4 Amy Hackworth August 12, 2013 at 3:35 pm

Hyz, thanks for your comment. Great points. If I could edit, I think I’d say “I’ve learned there is some truth in the statement that hurrying can be “violent.” I agree there are plenty of times when focused thinking and acting is a benefit to our kids.


5 hyz August 13, 2013 at 9:37 am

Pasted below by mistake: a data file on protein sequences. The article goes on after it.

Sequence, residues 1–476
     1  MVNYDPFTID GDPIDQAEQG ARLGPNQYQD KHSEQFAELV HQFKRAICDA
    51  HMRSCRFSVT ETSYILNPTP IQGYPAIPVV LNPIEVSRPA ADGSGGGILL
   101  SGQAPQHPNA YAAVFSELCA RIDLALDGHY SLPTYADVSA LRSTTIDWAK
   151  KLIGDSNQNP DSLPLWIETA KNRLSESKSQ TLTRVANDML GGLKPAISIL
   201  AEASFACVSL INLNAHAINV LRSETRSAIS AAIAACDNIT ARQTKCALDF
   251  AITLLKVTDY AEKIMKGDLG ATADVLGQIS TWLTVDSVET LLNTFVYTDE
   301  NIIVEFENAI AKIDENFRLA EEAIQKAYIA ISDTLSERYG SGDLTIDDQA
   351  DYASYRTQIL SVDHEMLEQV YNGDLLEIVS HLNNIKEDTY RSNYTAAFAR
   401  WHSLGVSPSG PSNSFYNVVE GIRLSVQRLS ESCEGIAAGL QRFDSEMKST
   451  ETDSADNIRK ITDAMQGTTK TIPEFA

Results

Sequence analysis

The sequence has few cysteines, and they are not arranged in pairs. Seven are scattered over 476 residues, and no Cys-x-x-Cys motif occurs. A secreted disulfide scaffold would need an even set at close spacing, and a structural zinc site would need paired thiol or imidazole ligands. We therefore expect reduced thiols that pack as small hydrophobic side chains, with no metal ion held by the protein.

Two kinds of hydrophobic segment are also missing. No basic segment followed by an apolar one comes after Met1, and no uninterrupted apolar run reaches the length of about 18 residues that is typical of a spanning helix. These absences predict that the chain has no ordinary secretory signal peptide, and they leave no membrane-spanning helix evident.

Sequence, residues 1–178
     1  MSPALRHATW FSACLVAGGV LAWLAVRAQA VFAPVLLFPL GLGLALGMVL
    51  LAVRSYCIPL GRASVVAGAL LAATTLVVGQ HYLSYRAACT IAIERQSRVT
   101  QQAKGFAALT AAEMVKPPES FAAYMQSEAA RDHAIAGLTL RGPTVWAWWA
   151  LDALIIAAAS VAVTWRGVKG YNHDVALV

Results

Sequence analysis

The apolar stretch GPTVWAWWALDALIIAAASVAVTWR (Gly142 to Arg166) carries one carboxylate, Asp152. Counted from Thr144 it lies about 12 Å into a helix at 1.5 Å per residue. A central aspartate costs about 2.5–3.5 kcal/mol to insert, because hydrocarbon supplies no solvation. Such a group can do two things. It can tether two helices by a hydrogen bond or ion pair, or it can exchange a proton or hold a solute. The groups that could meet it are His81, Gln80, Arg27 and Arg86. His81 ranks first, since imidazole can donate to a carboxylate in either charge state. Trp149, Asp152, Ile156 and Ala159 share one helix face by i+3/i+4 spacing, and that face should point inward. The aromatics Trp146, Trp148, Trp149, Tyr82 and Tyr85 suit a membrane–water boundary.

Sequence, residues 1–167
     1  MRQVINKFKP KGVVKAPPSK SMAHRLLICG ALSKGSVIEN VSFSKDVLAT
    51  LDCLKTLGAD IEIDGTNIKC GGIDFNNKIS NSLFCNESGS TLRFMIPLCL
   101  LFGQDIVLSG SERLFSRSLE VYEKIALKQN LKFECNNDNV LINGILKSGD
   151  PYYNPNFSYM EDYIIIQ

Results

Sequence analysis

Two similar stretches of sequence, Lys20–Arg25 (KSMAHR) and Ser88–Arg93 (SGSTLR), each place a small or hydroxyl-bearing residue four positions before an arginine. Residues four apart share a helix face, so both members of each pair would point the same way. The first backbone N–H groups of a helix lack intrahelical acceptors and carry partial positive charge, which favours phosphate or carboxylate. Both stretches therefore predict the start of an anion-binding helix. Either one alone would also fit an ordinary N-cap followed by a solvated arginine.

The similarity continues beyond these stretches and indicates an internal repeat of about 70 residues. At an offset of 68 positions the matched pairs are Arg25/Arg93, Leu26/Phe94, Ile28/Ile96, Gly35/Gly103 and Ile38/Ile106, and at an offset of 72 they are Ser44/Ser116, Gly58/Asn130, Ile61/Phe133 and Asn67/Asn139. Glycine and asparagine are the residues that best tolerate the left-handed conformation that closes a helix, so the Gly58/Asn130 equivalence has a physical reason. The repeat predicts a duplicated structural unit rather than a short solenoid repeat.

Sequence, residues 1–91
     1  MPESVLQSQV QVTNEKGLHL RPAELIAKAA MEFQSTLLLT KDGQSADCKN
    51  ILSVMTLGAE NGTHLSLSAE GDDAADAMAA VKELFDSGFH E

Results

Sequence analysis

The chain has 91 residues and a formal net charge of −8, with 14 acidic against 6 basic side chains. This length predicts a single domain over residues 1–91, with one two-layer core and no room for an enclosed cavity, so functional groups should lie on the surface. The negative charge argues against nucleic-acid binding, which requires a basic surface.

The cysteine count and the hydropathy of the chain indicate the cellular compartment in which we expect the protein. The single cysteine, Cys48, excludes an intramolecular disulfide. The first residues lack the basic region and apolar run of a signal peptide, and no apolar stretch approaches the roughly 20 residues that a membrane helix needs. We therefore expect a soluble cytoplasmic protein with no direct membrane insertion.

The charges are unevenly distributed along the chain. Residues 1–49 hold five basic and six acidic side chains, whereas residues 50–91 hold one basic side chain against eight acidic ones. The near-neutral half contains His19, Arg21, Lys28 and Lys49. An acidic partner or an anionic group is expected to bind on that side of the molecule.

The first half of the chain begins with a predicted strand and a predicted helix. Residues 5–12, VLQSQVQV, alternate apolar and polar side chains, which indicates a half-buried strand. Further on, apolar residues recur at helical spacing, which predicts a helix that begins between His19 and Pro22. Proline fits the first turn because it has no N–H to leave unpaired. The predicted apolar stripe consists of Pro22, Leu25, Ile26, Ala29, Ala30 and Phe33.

Thanks, Amy. I would definitely agree with you that hurrying can be “violent”–or at least harmful to the whole family’s wellbeing–if carried out in certain ways. Some of my least proud moments as a parent have been when we are running late for an actual, hard deadline and I’m trying to get the kids in the car by myself, and I’ve told my little wanderer of a daughter for the 5th (or 25th) time to stop playing, stop talking, put on your clothes, no you can’t pick out a different outfit, that’s the third one this morning (after you rejected the one *you* picked out last night so we wouldn’t have to go through this in the morning, why can’t you just wear that one?) and now we’re late, no we don’t have time for oatmeal because you spent an hour doing something that should’ve taken 15 minutes, no there’s no time for a fancy braid in your hair, dear lord why are you playing with your dollhouse again you don’t even have your shirt on, you’re killing me child we don’t have all day. By the time you actually get to the car, everyone is a nervous wreck, and the day is off to a miserable start. If that is the daily routine, that is a real problem. We were having that situation too often, I felt like a jerk, and I decided I didn’t want to be that parent if I could help it. But for me, the answer *wasn’t* getting up at 4:30 AM so my daughter could spend the 3 hours she wanted to meander unhurried through the morning routine (and she would easily take that long if I let her)–and I think that’s the only place I disagree with the article, which sort of suggests that allowing children time to meander is the only solution that really honors their needs. But it’s unrealistic, since if I wanted her to get up at 4:30 I’d have to put her to bed at 6:00, which means I’d be rushing her through her evening. So I talked about the problem with her, trying to get her on my “team” with a goal of getting ready in the morning and getting to school on time, giving her a sense of responsibility that she needed to do her part if the team was going to succeed, and giving her some “carrot” motivations too, like getting up just 20 minutes earlier so that if she got dressed “super quick” she would have time to watch an educational cartoon while she ate her breakfast. I found that by getting her to focus on something fun that she could do after getting ready, she didn’t need to make “getting ready” be the main event of her morning as much. It was something to be gotten through so she could move on to the fun stuff. She just turned 5, and she is still a wanderer at heart, which is great, and she still dilly-dallies sometimes, which is to be expected, but I am thrilled that most mornings she now moves pretty independently through her routines, and takes pride in being the first person to be all dressed. That leaves her plenty of time to play and chat at her own pace before we have to go. So we have both hurrying and peace, and a lot less frustration. :)